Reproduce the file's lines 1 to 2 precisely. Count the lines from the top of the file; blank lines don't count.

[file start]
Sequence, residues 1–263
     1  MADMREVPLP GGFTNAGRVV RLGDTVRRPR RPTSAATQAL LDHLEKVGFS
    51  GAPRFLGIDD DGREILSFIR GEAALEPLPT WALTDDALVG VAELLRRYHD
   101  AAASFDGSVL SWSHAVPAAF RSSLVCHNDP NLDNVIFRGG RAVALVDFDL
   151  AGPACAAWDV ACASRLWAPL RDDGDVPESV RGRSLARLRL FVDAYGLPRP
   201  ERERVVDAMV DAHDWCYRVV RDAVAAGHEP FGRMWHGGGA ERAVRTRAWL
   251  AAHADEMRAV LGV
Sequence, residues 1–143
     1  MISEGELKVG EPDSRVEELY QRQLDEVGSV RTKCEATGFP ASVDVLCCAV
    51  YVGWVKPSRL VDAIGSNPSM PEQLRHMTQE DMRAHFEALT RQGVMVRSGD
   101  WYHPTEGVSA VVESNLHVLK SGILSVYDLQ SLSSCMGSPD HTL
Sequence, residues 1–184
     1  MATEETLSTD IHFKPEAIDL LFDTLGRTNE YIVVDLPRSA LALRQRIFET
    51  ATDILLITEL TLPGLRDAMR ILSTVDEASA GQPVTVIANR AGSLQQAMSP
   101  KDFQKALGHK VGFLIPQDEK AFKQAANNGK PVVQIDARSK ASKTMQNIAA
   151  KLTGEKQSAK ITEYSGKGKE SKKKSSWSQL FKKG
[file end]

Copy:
Sequence, residues 1–263
     1  MADMREVPLP GGFTNAGRVV RLGDTVRRPR RPTSAATQAL LDHLEKVGFS